I have hit upon major (for me—relative to my trivial accomplishments) insights in my research in various sleep-deprived altered states of consciousness, e.g., long solo car-drives extending through the night into the morning. But I have never actually solved a problem in my sleep. I have awakened thinking That's it!, but never was it actually it.
Q. Can anyone report an actual significant advance in their research that occurred during and emerged from their sleep?
Of course this is entirely subjective, but you would know it if it happened to you.
Poincaré's famous step onto the bus in 1908 ("At the moment when I put my foot on the step the idea came to me...") indicates significant unconscious processing, and his insomnia account (quoted below) adds further credence to such "background" processing. But I am not aware of first-hand reports of significant and accurate reasoning occurring during sleep.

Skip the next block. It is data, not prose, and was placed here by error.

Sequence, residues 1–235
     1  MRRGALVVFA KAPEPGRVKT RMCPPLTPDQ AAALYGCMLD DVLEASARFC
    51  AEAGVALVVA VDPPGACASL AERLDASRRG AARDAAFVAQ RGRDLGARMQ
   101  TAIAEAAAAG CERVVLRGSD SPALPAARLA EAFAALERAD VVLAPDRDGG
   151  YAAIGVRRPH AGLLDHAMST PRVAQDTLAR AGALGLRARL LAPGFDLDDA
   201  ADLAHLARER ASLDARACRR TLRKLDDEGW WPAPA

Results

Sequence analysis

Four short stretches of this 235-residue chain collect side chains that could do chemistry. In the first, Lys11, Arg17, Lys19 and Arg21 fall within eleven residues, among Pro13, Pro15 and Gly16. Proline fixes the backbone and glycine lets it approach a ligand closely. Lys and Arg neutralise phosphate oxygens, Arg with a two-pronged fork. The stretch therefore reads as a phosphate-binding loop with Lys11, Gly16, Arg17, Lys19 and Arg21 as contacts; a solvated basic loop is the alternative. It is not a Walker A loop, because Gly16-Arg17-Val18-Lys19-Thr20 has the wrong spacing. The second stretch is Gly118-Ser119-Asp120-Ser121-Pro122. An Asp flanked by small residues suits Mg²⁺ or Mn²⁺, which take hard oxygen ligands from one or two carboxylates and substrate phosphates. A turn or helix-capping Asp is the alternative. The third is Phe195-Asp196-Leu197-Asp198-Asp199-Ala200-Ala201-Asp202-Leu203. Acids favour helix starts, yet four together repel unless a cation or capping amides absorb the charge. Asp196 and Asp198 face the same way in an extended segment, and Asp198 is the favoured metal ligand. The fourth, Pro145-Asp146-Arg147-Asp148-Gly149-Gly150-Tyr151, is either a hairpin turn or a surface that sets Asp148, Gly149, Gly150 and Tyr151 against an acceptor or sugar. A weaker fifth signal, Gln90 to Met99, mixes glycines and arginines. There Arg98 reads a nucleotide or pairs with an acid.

One evening, contrary to my custom, I drank black coffee and could not sleep. Ideas rose in crowds; I felt them collide until pairs interlocked, so to speak, making a stable combination. ... (Link)